A Christmas collection review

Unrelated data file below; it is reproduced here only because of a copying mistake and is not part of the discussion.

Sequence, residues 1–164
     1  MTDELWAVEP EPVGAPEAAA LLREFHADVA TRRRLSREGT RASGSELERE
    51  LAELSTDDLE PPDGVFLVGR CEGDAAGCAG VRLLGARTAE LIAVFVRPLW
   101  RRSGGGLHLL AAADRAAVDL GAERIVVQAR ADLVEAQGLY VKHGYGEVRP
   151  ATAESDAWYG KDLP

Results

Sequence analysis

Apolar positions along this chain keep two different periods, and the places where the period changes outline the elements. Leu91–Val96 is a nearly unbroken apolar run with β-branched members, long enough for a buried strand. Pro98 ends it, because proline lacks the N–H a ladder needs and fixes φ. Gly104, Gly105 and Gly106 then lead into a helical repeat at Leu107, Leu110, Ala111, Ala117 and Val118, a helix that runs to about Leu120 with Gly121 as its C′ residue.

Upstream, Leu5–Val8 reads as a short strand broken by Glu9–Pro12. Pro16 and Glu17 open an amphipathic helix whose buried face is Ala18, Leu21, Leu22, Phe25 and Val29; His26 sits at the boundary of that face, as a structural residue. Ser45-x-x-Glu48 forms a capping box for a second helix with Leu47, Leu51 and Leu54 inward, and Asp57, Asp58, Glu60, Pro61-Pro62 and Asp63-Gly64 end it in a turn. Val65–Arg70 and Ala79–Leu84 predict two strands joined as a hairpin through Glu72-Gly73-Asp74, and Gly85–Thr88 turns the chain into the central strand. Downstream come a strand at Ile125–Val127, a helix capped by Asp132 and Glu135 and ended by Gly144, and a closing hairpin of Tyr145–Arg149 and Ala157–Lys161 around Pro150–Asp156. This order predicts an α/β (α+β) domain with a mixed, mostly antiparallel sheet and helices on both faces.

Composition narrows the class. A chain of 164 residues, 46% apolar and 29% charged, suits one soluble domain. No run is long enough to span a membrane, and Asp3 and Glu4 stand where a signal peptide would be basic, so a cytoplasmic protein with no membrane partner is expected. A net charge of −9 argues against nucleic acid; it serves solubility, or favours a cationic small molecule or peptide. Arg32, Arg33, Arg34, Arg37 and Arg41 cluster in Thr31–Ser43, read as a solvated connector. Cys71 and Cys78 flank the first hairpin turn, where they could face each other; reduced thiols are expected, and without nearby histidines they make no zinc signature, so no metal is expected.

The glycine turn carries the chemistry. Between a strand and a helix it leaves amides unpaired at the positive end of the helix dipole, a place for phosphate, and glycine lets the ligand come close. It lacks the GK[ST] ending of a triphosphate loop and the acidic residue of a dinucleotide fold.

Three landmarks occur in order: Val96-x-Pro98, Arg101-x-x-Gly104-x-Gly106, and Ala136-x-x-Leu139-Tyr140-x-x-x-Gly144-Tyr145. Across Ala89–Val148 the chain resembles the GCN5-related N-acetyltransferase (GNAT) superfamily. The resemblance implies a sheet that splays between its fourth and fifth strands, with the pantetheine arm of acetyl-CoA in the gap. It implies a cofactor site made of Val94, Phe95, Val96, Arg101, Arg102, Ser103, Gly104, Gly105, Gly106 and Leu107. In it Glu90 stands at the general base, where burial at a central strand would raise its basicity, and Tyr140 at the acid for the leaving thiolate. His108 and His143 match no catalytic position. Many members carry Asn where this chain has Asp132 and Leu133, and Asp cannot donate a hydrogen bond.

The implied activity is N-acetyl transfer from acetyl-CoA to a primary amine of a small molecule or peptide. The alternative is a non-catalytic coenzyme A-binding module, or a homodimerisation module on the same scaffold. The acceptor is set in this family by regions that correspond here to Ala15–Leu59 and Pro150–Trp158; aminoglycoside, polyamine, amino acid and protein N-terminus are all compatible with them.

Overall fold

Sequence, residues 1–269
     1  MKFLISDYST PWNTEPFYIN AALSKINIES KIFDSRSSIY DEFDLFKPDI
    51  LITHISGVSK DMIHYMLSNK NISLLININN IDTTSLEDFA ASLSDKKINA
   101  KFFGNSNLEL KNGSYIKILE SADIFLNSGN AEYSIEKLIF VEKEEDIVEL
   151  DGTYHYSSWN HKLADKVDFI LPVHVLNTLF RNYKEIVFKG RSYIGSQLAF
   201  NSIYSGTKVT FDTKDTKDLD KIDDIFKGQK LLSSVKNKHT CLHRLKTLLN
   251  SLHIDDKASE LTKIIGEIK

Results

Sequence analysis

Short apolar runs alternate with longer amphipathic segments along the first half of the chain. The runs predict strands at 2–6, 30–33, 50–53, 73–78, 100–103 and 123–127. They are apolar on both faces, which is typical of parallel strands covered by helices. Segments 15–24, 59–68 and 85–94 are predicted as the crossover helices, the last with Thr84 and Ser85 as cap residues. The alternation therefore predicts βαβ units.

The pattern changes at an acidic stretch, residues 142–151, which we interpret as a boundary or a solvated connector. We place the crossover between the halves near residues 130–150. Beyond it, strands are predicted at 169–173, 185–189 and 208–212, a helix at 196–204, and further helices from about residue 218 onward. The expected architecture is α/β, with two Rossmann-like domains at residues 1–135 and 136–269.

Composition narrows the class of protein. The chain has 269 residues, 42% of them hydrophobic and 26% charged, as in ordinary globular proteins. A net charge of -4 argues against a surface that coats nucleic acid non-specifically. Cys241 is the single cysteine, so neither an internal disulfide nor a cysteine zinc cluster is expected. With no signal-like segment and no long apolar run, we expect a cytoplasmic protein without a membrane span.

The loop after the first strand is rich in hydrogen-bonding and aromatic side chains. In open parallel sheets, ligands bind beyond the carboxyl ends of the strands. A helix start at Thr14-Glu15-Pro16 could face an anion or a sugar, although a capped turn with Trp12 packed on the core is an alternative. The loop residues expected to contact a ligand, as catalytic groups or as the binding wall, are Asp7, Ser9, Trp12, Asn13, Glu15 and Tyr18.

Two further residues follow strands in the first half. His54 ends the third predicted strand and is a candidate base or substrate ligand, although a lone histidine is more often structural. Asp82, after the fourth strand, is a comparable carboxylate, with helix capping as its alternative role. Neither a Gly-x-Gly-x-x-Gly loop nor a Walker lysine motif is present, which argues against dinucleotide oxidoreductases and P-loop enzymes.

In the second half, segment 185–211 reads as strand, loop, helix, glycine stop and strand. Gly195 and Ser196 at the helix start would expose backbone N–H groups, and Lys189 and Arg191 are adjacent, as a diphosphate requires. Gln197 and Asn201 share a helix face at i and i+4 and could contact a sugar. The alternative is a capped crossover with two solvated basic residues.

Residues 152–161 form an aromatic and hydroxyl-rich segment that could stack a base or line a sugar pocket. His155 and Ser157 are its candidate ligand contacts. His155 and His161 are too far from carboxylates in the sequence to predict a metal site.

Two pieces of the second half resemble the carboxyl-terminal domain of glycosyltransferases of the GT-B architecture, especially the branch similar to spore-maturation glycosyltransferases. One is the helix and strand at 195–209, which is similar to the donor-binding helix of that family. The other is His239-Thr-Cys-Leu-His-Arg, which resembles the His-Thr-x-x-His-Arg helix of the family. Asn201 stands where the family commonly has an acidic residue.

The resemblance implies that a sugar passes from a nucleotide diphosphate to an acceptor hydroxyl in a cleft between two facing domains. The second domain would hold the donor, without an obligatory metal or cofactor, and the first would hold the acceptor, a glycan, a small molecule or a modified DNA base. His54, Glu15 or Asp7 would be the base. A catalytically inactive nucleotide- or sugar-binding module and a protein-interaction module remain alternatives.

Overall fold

Instead of posting pictures of my collections, I thought it’d be useful to write up a bit about what I’ve read. Obviously, opinions vary and I know some series that I didn’t like others have found very enjoyable, but hopefully if anybody finds they have similar tastes, they might find another series here to try out or perhaps recommend a series for me to pick up.A bit about my tastes in general: I enjoy authors who know how to tell a story and can write well. I prefer characters that struggle in their stories; OP MCs who can just waltz through their life tend to be uninteresting to me. I tend not to enjoy world-building for the sake of world-building itself, but only if it really adds to the story; in general, I like tightly written, well planned out stories rather than meandering adventures through a new world. I’m probably a bit older than the target audience of most LNs and use LNs mostly as some light entertainment for my subway commutes to and from work.So below is what I’ve read, in roughly descending order of personal enjoyment. I tried to avoid spoilers, although I briefly mention the general plot of some volumes.10 - A masterpiece regardless of mediumYeah, there’s nothing here for me. As a yardstick, the only anime I’ve watched that I’ve rated a 10 is Madoka Magicka.9 - Very good, strongly recommendedMy Youth Romantic Comedy is Wrong, As I Expected This series is certainly not the tightest--there is plenty of filler material that's been released. But the real star of the show is the narration--8man’s voice is unmistakable, and an absolute pleasure to read. It’s endlessly fun to read all of his observations and little monologues. How can a character be so sharp and observant of social cues, and yet as a result have such a warped view of human relationships? I don’t think there’s any other series that reads like Oregairu, and if you’ve only read the anime, you’re missing out on the best part of this series.Book Girl One of the first series that I read, and I still have a soft spot for it. The first thing to say is that the writing is gorgeous; in case it wasn’t obvious from all the literary references, this is an author that takes reading and writing seriously.The premise sounds ridiculous: a girl who eats books? But don’t get fixated on that point; it’s just a plot device that’s convenient for the story. The author never really explains it, and honestly, she doesn’t really need to for this story to work, at least in my opinion. Otherwise, this story is set squarely in the “normal” real world. And while the series sometimes ventures into the realm of being oversentimental and maudlin (I’ve read opinions that the MC is just an oversensitive whiny coward, and it’s not a completely unfounded criticism), the big emotional moments are built up so that when they hit, they hit with the force of a freight train--the ending of, for example, Book Girl and the Corrupted Angel was absolutely devastating.Also, to quote /u/VzVegeta: “Tohko is best waifu, would write her dinner.” If only...WorldEnd: What Do You Do at the End of the World? Are You Busy? Will You Save Us? Yes, this title is ridiculous, and the nickname SukaSuka is perhaps just as ridiculous. But this series has the best world-building I’ve read in a LN. The fantasy world here is imaginative, it has history and lore, but most importantly, it sets a tone for the series. I think the author says it best when in the afterworld of Vol. 1, he writes:In the corner of a dying world, little survivors who wish to live for just a little longer lead desperate, do-or-die, comfortable, lazy, declining lives. Does salvation really exist for them? If it does, what does it look like? That’s the sort of feel I want to evoke with this story.The story is absolutely beautifully written. If you only watched the anime, you really haven’t seen the whole story. The anime focused on the relationship between the MC and Chtholly, which was important for the first three volumes, but the LNs are so much more than just another fantasy romance novel. It’s really about people trying to find their place and purpose in this fantasy world, and a romantic relationship is just one aspect of that struggle. In particular, Vol. 4, which was not adapted in the anime, is stunning in its imagination and story-telling.One note on translations: I usually prefer official translations as I find they read better in English, and in general, I’ve been pretty satisfied with Yen’s translation quality. On this one, however, I find the translation to be stilted and not very natural-reading. Luckily, the fan translation of this series by /u/fgilan is one of the best fan translations I’ve read. This might be the only case where I prefer a fan translation to the original.Goblin Slayer After this season’s anime, Goblin Slayer is pretty infamous. Yes, the series is bloody and violent, depicts rape, and in general is pretty horrifying. No, you would never call the series deep or introspective, and the characters are honestly pretty simple and easy to understand.But the draw here for me is that the author here might be the most natural story-teller that I’ve read in the LN world. The writing is sharp and to the point: the fights are violent, but then they are done; you don’t linger on every cut and slash of the sword. The character interactions may not be profound, but they are so fun to read; the pre-dungeon campfire scene in Vol. 1, for example, is light, fun, and yet accomplishes so much in characterization.I don’t have much more to say about this one. A write-up by /u/DiGreatDestroyer got me to try this series so I’ll just link it here.On the violence and rape, I will say that the manga is significantly more graphic. What I mean by that seemingly obvious statement is that while the manga doesn’t shy away depicting rape scenes, the LN tends to skip over the actual act and spends no time describing it; the focus is much more on the effects of the violence and how people (both the victims and others) cope with it, which is much more interesting to me.8 - I enjoyed theseToradora! A classic. The premise might simple, but it’s still a really well-written, well-planned school romance series.In this case, though, the anime adaptation of Toradora! was also excellent, and this may be the only series where I think that if you’ve only watched the anime, you’re not missing out on much. If anything, some of the big moments might have more emotional impact in the anime (e.g. that Christmas episode…).Kokoro Connect I haven’t seen the anime, but the novels are just another well-written, enjoyable high school series. Definitely while reading these, I sometimes think to myself that the characters are just being dumb teenagers, but then I remember that that’s the point. Perhaps I’m just getting old. Nevertheless, an enjoyable read.Defeating the Demon Lord is a Cinch, If You Have a Ringer Ah, finally, the first isekai. Just like in SukaSuka the MC is completely OP but his skills aren’t just a ticket to instantly solve all his problems. The story is told with a great mix of darkness and comedy, but I enjoyed reading this series mostly for the voice of the narrator; the MC is intelligent, grumpy, cynical, ruthlessly calculating, and doesn’t trust anybody around him, and yet a complete softy inside and in some ways kind of an idiot. Yes, this kind of character has been done a thousand times before, but I found it enjoyable nonetheless here.Rascal Does Not Dream of Bunny Girl Senpai Started reading after the anime aired this season. What to say about this that hasn’t been said already? The MC can somehow magically solve everybody’s problems and all the girls are best girls, but yet this series is so fun to read. Would love to see this series get licensed, although the fan translation by Mountain of Pigeons is already pretty good.Amagi Brilliant Park I’m not sure any LN has made me laugh as much as Amaburi. Some of the humor is completely absurd, and the second volume in particular has a couple jokes that rely on breaking the fourth wall, but I found that the jokes worked for me.While plenty of scenes from the first two volumes were adapted in the anime, I found the tone of the LN to be quite different: the anime shone with brightness, innocence, and almost child-like playfulness, while the LN comes across as a bit darker and more cynical. Certainly from a plot perspective, the anime covered up some of the darker detailed. But I enjoyed both.JK Haru is a Sex Worker in Another World This time, the girl ends up as a prostitute after getting isekai-ed. Yes, it’s, um, very explicit. The first couple parts are mostly just sex and being snarky about sex, but once the novel gets going, it evolves into a story about the relationships the MC builds despite, or perhaps because of, her station in life, and I found the story to be quite touching (not in that way, you hentai!). The ending is a bit abrupt and leaves a couple story threads hanging, but I’m okay with that.I Want to Eat Your Pancreas I don’t have too much to say about it. You know it’s going to be a tearjerker going in, and yet I definitely felt down for a couple hours after I finished it. The novel doesn’t break any new ground or do anything new, and many of the tropes I would argue other works have done better. But it was a good read, and I’m glad I read it.7 - Recommended with ReservationsMonogatari For me, a real mixed bag, but mostly good. And when Monogatari is good, it’s very good. Even just from Bake, I thought the Mayoi Snail and Suruga Monkey stories were absolutely fantastic pieces of writing. But in my opinion, there’s also plenty of unnecessary filler to get through--I found Nise, for example, awfully hard to get through. A lot of people say that the pages and pages of banter and wordplay and general debauchery are part of NisiOisiN’s charm, but I don’t agree.The Empty Box and Zeroth Maria This is the top-rated LN on MAL, and I can understand why. In terms of ambition and the complexity of the story, Hakomari takes second place to noone. The twists and turns and the crossing of genre boundaries with each story arc are really something unique.The actual execution, alas, doesn’t quite live up to the author’s vision in my opinion. I tend to agree with Frog-kun when he writes:I don’t know how any of the characters can actually understand each other, as I usually need to re-read their conversations several times before I can piece together what they are even trying to say. [...] It reminded me of my experience reading Pandora Hearts, where everyone stands around making dramatic-sounding statements and pointed commentary about how nobody is acting like a normal human being. The Hakomari characters are self-aware about how abnormal they are, but that doesn’t make me connect with them any better. And it doesn’t make the psychological drama very effective either; all the psychology is explained in excruciating detail in the narration because none of it can be inferred through the character interactions themselves. Hakomari is definitely more on the “tell” side than the “show” side when it comes to its storytelling.Am I glad I read it? Yes; it’s different and ambitious, and I would encourage others to give the series a try as well. But I can’t whole-heartedly call this series great; it could’ve been with better writing, but it falls a bit short here for me.Suzumiya Haruhi I struggled with how to rate this series. Yes the characters are iconic for a good reason, and the books are written with wit and charm.If I had a complaint, though, it would be that too many plot lines are ended with solutions that make me ask, “wait, that’s it?”. A good example is the infamous Endless Eight story: without getting into spoilers, there’s such a great build-up of suspense, the story is engaging, and then the solution is...that?The Disappearance of Haruhi Suzumiya is the exception to this--I found the story engaging from beginning to end. But I can’t say that for most of the entries in this series.Faraway Paladin I’ll start by saying that Vol. 1 is one of my favorite light novels. The story of the boy and how he grows up in the City of the Dead with his “family” is so touchingly and beautifully written that as a standalone novel, I wouldn’t hesitate to recommend it.But after the MC leaves the City of the Dead, the novel becomes less notable. The MC travels, defeats some enemies and starts his own mini-country, and the series starts reading like a relatively well-written but still fairly generic hero/kingdom-building novel.Spice & Wolf As an economics major myself, I looked forward to seeing what kind of trading shenanigans would happen in this series. The first volume was promising, focusing on currency debasement, but then it goes downhill. Smuggling in Vol. 2, and speculation and futures trading in Vol. 3? Sure, less interesting, but I guess still trade-related. But the longer the series goes, the less focus there is on economics and trade, and the more on the relationship. Fighting over ownership of a mythical creature? Investigating a possible angel? Just not very interesting to me economically.So then we’re just left with the story of Lawrence and Holo. And honestly, I didn’t find the writing of the story compelling on its own. To me, the prose was thick and difficult to read, to the point where I had to reread several passages multiple times to figure out what was going on. And the characters love to be mysterious and hint at what they want to say in conversations instead of just being clear; I guess it’s supposed to be clever, but at a certain point I just found it frustrating to read. In the end, would still recommend for the first couple of novels being interesting plot-wise and Holo being Holo, but I’m not sure I really enjoyed the latter half of this series.6 - Dropped, not bad but not for meWhen Hikaru was on the Earth As somebody who loves Book Girl as much as I do, it was difficult to drop Hikaru, which is by the same author. The only explanation I can come up with is that I don’t like harem. I can believe 2 or even 3 girls liking the same boy, but harem novels like Hikaru are difficult for me to buy into, even with how much each girl’s motivations and characterization is fleshed out. Combine this with an extra strong serving of dense LN MC, and I just couldn’t enjoy this novel. Nevertheless, the writing in this work is very strong, so it may not be my cup of tea, but you might still enjoy it.Rokujouma Perhaps another case of if I liked harem, I might like this series. The first couple of novels started slow, but the middle volumes I found interesting--the side volumes 7.5 and 8.5 I actually enjoyed a lot (and coincidentally had the least harem). But by Vol. 13 or so, the novels spend a bit too much time dwelling on just how much each girl loves the MC; the word I would use is oversaccarine to the point of needing insulin injections.Grimgar of Fantasy and Ash Based on the premise, I should’ve loved this one. A underpowered MC who has to struggle in a new world and learn his own style of leadership? Yes please.But I found the execution disappointing. I found the writing and character dialogue to be stilted--I compare the party interactions with, for example, Goblin Slayer, and find Grimgar lacking. The fight scenes are in my opinion too long and tedious, and I find the world-building unnecessarily elaborate--the author introduces so many new settings and characters and monsters, only for the party to move through them in half a volume and never see them again (did the Choco arc even matter in the end?). I think in the end, I prefer my stories to be more structured; I believe the author even said that he doesn’t plan out his works but follows where his stories go, and that style doesn’t work for me.Konosuba: God's Blessing on This Wonderful World! I think a lot of the gags worked a lot better when adapted into anime. The novels were funny, sure, but I didn’t find it compelling enough to keep reading.The Saga of Tanya the Evil This is a series for war buffs. If you want to read about how an cute anime girl would survive with magic in WW1 (and later some WW2-like scenarios), then read on.In the end, what I found lacking was the characterization of Tanya herself; the novel tries to portray her as evil, but in the end I simply found her cold, calculating, and frighteningly objective and unsentimental, which might be unpleasant but not really evil. I dunno, maybe that makes me a terrible person too? In any case, I don’t know if I’d actually want to read a novel where the MC is actually evil, especially in a war setting, so I’m not sure how I would have preferred this novel to go.How a Realist Hero Rebuilt the Kingdom I didn’t find this series particular realist or Machiavellian. In the first novel, the MC is faced with a kingdom that is running out of food and money, and he solves the problem by…holing up in the castle with his administrators and working really hard? I mean, the novel touches a bit on agricultural reform, but the explanation of how farmers switching to cash crops is hurting the economy doesn’t even make sense--if farmers are switching to only growing cotton, that implies the price of cotton has gone up more than the price of food, so the economic gains of switching to cotton should more than cover the cost from the increase in the price of food. But in general, the novel kind of hops and skips over the major problems and jumps right to the talent show, where we get introduced to the interesting characters.Similarly, there’s really not much political intrigue there. One of my favorite novels is Shogun by James Clavell. Set in 1600s Japan, the political leader (based off of actual shogun Tokugawa Ieyasu) has to carefully plan his way around political rivals, forge secret political alliances, keep ambitious subordinates under their thumb, and most importantly, make sacrifices in the great political game of chess. Comparing a LN to an actual novel may not be fair, but in comparison, the MC of Realist Hero has to make roughly one difficult decision in the span of the first four volumes; mostly, all he has to do is be competent and intelligent and he wins. There are no trade-offs, dangerous gambits, or secret maneuvering.So what’s left is the story of the MC hero and his group of advisors and harem as they run a kingdom. It’s decently well-written and a fairly fun read, but in the end, this was a drop for me.So I’m a Spider, So What? A fun read with an interesting narrator. But the heavy emphasis on game mechanics was not my cup of tea.Is It Wrong to Try to Pick Up Girls in a Dungeon? The MC’s defining characteristic, as far as I can tell, is youthful optimism and a willingness to work hard. Perhaps I’m just too old and cynical at this point for these traits to resonate with me.Didn’t I Say to Make My Abilities Average in the Next Life? An interesting premise, in that the MC is OP but desperately wants to hide it. I’m not sure it’s translated into a novel that’s meaningfully different from the standard isekai fare, though, so I dropped.In Another World With My Smartphone I thought that the premise would be that the MC would use his smartphone cheat in the new world to succeed. But then they gave him OP magic powers too, and as far as I can tell, the smartphone helps in enhancing his magic but isn’t really necessary in any way. Again, this becomes just a light fluffy novel about a hero and his harem running a kingdom.5 - Dropped emphaticallyA Certain Magical Index I wouldn’t be the first person to opine that Kazuma Komachi is good at coming up with really unique settings and systems, and perhaps not so good at actually writing. At least in my opinion, the first 3 novels had reasonably interesting plot ideas but were blandly written and didn’t catch my attention.Re:Zero: Starting Life in Another World I can’t comment on the story or characters or setting or anything like that. I had to stop reading halfway through Vol. 1 because the writing was so amateurish. No idea if it’s the original text or the translation that’s the problem, but this was literally unreadable for me.Arifureta:From Commonplace to World’s Strongest I’ll ignore how laughably OP the MC is, since that’s part of the charm of this series. My real complaint is how the characters act and their relationships. I mean, as far as I can tell, the entire basis of the relationship between the MC and Yue is that they kill monsters together and they flirt. Oh, and he saved her. Guys, guys, that’s not how relationships work at all.Last thoughtsIn terms of who licenses novels, I know Yen gets a lot of flak here for their slow pace of releases, but in general, I think they’ve done good work, with the exception of SukaSuka and maybe Re:Zero. Certainly, they’ve adapted novels that fit my taste better. Seven Seas also seems to be doing well. I know JNC is a favorite on here, and I’ve been really impressed with their recent work on Kokoro Connect and Amaburi recently, although I also skimmed Elf Bride on their website and thought that the quality was at best a mediocre fan translation, hardly what I’d expect if I had paid for the series.Novels that I hope will get translated soon include:Saekano (come on, Yen, what’s the point of DMCA-ing the fan translation if you’re not going to translate it yourself?)Golden Time (by same author as Toradora!)Rascal Does Not Dream of Bunny Girl Senpai (although as I said before, the fan translation is very good)Violet Evergarden via /r/LightNovels http://bit.ly/2BEK3Io